Fantastic subject matter may exist just outside your back door, so this spring, turn your backyard into a macro shooting environment. With macro subjects, sunrise wake-up calls aren’t necessary, nor do you have to schedule dinner around sunset light. Warmer weather is approaching, and the flowers and bugs await the sound of clicking shutters. Use all or some of my 10 quick tips and you’ll be on your way to capturing backyard macros.
Head To The Nursery
Subject matter will be dictated by where you live since every environment houses its own species. Based on your location, specific plants and insects will be found as their relationship is symbiotic. Throughout the spring and summer, certain plants and flowers will flourish. Plant your garden with ones that attract butterflies, moths, caterpillars and other insects that inhabit your area. Plant flowers you want to photograph, and monitor them daily so you capture each bloom at its peak.
Go online to see if a local college provides extension services. Contact the folks in the plant and insect departments to find out what’s native to the area. Ask the experts at the nursery what blooms at given times and what grows best to attract bugs. Visit a local botanical garden and talk with the old-timers for some inside info.
Monitor the Light
Monitor the path of light the sun provides throughout the day. Different times bring in different insects. If you use natural light, different angles will provide different looks to your photos.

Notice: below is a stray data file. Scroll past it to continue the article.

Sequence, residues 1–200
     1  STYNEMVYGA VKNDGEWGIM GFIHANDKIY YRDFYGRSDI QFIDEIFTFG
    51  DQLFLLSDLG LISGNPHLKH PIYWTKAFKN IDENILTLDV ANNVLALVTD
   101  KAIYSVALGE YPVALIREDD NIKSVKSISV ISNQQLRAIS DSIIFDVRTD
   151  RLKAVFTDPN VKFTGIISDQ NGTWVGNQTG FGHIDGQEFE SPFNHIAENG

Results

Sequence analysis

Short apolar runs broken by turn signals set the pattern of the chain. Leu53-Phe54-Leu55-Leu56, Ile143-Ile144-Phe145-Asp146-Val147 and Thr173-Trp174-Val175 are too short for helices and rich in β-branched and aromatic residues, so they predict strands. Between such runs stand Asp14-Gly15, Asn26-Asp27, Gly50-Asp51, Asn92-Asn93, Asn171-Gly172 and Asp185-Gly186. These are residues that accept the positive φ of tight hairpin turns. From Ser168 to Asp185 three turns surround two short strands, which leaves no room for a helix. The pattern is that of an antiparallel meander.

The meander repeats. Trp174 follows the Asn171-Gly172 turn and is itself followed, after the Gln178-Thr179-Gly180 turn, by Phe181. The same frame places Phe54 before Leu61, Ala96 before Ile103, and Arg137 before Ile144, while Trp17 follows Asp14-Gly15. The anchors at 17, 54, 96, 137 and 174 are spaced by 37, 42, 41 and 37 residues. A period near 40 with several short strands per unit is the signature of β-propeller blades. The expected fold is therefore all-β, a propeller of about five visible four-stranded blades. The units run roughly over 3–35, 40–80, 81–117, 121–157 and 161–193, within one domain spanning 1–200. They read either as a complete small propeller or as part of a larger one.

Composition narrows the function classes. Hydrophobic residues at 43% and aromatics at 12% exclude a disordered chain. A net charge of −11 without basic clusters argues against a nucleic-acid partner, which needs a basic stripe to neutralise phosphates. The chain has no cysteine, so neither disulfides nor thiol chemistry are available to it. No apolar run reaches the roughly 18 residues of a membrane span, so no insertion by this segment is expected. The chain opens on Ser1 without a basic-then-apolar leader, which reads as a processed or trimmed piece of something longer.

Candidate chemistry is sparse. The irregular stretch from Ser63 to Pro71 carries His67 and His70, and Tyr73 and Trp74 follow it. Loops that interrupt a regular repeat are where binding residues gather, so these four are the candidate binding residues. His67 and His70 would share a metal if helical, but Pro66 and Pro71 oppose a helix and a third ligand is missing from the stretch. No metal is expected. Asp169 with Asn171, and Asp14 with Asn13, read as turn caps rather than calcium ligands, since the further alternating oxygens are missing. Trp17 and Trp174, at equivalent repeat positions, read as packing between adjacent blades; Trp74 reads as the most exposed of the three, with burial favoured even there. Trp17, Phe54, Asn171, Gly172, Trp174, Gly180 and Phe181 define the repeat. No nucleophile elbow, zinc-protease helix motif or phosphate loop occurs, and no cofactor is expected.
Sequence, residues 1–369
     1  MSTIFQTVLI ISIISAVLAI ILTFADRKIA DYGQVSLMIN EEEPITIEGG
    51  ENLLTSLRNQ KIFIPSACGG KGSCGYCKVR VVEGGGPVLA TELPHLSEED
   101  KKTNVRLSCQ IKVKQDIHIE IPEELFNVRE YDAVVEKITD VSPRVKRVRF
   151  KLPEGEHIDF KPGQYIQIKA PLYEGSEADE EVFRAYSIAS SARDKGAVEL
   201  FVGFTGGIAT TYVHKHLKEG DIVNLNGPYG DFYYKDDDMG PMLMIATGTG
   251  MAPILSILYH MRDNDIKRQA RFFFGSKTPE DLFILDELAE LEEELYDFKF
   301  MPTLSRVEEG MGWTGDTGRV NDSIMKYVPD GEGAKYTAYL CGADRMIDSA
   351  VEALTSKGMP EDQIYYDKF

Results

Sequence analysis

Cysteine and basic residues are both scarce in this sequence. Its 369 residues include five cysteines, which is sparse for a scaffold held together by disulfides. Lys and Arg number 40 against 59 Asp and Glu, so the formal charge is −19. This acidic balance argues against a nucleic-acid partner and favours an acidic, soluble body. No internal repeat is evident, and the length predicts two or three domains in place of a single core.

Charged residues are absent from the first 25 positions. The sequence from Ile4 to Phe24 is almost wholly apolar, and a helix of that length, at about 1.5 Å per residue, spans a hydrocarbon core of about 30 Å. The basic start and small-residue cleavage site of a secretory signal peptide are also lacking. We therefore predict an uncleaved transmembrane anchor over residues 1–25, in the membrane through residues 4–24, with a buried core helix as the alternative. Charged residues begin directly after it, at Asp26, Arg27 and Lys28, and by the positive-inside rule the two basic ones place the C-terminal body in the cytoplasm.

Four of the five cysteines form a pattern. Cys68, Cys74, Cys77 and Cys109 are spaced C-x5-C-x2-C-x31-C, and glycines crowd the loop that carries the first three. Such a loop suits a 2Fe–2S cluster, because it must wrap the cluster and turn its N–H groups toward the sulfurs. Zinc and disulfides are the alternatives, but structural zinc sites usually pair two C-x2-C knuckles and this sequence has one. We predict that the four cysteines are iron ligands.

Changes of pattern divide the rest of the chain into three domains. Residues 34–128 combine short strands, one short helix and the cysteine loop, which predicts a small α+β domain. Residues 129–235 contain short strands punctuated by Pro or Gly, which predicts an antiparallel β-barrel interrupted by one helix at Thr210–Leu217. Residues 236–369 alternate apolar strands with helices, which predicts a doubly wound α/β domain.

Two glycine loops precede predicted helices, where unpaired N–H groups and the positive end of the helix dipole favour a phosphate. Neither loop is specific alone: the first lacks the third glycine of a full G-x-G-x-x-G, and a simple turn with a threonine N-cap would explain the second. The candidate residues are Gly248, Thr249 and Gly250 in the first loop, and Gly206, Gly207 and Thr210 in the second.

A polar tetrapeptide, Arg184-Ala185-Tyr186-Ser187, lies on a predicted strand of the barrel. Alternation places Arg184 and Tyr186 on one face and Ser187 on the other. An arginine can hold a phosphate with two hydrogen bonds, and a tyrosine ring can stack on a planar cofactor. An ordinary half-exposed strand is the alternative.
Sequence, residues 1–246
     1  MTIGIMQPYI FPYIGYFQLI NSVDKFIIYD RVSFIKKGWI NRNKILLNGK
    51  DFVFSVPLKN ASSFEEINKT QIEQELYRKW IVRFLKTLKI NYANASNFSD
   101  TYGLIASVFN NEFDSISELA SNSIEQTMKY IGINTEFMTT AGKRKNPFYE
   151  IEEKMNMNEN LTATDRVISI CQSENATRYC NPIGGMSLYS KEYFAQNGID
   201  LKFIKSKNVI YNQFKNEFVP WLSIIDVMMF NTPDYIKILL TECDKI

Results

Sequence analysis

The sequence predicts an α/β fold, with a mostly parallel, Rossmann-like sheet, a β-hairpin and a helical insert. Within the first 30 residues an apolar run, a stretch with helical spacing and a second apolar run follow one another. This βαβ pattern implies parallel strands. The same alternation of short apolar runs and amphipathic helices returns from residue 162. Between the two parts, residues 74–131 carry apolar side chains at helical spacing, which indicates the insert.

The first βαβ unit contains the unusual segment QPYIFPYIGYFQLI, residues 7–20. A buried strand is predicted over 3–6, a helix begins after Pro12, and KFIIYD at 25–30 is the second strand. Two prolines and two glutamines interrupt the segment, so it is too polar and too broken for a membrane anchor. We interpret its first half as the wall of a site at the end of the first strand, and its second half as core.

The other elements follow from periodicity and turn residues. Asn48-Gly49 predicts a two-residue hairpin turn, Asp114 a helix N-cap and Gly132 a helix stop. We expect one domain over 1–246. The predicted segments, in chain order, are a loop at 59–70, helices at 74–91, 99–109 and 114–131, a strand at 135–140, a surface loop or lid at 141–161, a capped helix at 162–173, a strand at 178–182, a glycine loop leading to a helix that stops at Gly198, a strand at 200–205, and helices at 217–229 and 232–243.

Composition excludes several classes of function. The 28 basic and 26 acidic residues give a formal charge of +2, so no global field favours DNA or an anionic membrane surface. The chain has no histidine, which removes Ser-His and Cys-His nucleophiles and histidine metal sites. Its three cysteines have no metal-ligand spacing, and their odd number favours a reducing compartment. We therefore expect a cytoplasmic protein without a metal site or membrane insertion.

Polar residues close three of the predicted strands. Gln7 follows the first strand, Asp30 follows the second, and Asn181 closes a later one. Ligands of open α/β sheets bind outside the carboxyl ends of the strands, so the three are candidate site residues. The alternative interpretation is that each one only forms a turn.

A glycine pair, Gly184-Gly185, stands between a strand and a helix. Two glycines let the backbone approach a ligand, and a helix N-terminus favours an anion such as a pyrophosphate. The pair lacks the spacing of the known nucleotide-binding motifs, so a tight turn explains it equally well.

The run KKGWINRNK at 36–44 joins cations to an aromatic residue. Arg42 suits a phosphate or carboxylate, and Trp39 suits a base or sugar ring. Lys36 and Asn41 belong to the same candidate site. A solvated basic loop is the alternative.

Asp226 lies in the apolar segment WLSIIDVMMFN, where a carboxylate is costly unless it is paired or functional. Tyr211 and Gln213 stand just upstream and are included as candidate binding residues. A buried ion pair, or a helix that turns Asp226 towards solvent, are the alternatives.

Monitor the Bugs
Periodically examine the plants to see what comes in. Many bugs are creatures of habit and will return to the same location at the same time provided the plants are in bloom.
Put in a Water Feature and Feeders
If you want to attract native birds, set up a water feature and put out seed. Purchase the type of seed that lures them in. All birds need water, so set up a bird bath if you want a slam dunk way to attract them.
A true macro lens provides the best method to get close. Longer focal lengths work better as they provide a greater working distance between you and the subjects. This works great so you don’t scare them. Alternatives to get close are extension tubes, teleconverters and close-up filters. Dual element achromatic ones are the best.
Midday light is harsh. With macro subjects, flash can be used to overpower the sun. It can also be a source of fill. On overcast days when the shutter may be too slow to capture a sharp image, the flash can be used as a main light. The short duration of the flash helps counter camera movement.
Use a Diffuser
Direct overhead sun is harsh and cool in color. Use a diffuser to soften it. It works great with flowers. It can also be used to soften the light when you photograph insects, but be cognizant of the shutter speed. Make sure it’s fast enough to capture a sharp photo.
Use a Reflector
Reflectors are used to bounce light into shadow areas. If light is added to the shadows, it softens the contrast. White reflectors provide a soft light. Silver ones provide pinpoint specular light and gold ones add warmth.
Tripod vs. Handheld
Use a tripod for subjects that don’t move fast. If you need to create depth of field for flower photos, it steadies the camera when slow shutter speeds are required. For fast-moving bugs, it’s better to handhold the camera. If you use flash, go handheld. The fast duration of the strobe offsets camera movement.
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